Looking at the landscape, observing its topography we stay in oblivion, not knowing how much time has past and how much force was needed to come to this moment we gaze into. By cutting into the landscape, we discover multiple layers. Although often invisible, a radical change of the surface we walk on is caused by deep, inner, continuous drifting of tectonic plates. Due to the slow, invisible migration of these plates and their interaction, this seemingly static landscape in front of us is constantly being recreated. Time is the crucial factor, but the most difficult to grasp.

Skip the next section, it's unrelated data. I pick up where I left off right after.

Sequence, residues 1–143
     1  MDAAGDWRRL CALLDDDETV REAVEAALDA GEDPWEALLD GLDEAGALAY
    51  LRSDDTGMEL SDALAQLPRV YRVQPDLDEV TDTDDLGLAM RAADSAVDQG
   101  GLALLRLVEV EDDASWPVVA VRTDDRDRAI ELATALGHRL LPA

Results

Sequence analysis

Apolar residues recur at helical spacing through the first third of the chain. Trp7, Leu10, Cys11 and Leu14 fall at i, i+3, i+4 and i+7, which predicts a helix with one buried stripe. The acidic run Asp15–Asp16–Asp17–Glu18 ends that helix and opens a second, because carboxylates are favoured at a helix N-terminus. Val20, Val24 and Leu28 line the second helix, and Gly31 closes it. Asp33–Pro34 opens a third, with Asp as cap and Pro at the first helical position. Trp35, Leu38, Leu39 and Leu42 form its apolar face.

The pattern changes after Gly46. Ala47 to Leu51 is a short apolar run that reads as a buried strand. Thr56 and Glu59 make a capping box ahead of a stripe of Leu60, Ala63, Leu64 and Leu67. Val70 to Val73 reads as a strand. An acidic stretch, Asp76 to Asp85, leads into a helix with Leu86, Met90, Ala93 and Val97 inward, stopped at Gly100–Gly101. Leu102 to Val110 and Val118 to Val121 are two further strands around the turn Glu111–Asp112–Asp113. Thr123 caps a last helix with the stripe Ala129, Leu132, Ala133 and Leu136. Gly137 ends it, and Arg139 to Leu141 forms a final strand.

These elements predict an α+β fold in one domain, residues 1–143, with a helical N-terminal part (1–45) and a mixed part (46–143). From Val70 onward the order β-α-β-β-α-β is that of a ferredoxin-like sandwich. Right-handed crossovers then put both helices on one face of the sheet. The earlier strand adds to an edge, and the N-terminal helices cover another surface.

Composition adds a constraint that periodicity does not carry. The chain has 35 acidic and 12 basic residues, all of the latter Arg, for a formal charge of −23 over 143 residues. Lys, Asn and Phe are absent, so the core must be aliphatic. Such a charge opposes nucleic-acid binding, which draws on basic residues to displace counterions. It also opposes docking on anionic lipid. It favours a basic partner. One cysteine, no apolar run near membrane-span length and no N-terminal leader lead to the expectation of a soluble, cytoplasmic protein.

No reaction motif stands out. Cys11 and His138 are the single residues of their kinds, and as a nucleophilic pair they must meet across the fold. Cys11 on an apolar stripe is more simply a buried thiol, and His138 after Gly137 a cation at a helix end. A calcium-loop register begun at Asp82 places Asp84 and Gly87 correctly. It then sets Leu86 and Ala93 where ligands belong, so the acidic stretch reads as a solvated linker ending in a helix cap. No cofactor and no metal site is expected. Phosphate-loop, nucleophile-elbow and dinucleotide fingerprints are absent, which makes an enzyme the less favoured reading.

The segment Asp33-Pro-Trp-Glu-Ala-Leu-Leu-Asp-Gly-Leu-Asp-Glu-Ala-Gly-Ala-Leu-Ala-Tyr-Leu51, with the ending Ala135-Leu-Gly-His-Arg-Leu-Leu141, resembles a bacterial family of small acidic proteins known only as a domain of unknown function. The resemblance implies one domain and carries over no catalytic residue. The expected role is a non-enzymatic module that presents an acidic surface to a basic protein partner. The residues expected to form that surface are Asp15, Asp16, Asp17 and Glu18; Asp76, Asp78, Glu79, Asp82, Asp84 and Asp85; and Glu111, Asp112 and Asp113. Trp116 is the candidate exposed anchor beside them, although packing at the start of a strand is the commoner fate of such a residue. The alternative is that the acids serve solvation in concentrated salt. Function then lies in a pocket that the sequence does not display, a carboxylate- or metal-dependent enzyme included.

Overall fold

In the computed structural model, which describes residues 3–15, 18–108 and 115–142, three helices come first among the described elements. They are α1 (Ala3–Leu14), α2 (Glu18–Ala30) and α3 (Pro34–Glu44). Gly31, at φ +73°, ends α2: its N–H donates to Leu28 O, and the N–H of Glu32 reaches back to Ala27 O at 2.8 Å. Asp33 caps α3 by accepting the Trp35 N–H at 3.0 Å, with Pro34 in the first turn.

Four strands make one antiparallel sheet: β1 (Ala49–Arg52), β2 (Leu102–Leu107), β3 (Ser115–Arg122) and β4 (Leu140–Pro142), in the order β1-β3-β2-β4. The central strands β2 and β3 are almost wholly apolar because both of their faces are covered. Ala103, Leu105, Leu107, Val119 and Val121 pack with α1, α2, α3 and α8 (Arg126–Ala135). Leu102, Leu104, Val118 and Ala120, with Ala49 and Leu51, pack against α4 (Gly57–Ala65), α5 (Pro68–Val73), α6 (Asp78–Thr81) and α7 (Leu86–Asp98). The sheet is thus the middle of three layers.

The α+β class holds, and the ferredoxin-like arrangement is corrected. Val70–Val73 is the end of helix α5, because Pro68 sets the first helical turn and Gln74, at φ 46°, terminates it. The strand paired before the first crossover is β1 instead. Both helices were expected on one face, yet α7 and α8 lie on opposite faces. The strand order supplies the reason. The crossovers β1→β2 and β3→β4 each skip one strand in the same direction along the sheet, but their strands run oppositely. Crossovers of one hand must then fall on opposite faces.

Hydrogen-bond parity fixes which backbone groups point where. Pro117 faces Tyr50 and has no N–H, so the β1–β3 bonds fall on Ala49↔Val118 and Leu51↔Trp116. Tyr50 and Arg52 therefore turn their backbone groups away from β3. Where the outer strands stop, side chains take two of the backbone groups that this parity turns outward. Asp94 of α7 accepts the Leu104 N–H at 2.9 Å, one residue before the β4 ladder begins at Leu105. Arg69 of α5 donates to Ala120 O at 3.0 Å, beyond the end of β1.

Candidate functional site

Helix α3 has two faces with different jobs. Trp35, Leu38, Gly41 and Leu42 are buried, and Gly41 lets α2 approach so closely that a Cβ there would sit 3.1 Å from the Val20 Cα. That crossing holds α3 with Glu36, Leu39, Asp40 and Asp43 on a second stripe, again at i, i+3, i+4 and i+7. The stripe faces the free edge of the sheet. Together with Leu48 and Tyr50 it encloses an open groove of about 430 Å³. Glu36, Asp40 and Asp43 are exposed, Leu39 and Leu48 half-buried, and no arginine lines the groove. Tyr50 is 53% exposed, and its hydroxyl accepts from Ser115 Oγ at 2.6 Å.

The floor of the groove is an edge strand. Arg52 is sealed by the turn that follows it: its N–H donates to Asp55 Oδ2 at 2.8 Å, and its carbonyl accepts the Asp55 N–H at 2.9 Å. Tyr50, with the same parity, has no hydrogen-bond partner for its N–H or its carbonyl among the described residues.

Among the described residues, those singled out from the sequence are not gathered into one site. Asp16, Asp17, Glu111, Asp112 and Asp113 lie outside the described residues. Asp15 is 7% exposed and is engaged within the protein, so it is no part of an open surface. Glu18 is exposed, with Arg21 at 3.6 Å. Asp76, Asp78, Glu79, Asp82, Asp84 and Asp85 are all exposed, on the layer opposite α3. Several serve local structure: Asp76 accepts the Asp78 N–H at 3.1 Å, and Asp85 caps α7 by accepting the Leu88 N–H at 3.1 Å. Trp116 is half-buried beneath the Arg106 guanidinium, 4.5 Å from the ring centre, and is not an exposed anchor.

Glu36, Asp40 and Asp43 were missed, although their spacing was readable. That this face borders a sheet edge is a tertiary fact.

If buildings are observed in the same way, we notice similar changes in their seemingly stable structures. “Landscapes” are precise plaster casts of cracks of architectural elements in the city. Placed horizontally, on plinths they start to resemble these slowly formed landscapes.
Special thanks to: KulturKontakt, Vienna, AT